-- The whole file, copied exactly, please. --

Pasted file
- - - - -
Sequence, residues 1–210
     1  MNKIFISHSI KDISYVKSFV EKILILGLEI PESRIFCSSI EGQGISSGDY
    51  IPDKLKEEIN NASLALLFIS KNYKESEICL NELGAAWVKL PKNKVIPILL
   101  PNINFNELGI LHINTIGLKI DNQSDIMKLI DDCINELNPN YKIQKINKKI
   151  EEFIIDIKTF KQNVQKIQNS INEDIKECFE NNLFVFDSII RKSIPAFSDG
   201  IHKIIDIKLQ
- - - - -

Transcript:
Sequence, residues 1–210
     1  MNKIFISHSI KDISYVKSFV EKILILGLEI PESRIFCSSI EGQGISSGDY
    51  IPDKLKEEIN NASLALLFIS KNYKESEICL NELGAAWVKL PKNKVIPILL
   101  PNINFNELGI LHINTIGLKI DNQSDIMKLI DDCINELNPN YKIQKINKKI
   151  EEFIIDIKTF KQNVQKIQNS INEDIKECFE NNLFVFDSII RKSIPAFSDG
   201  IHKIIDIKLQ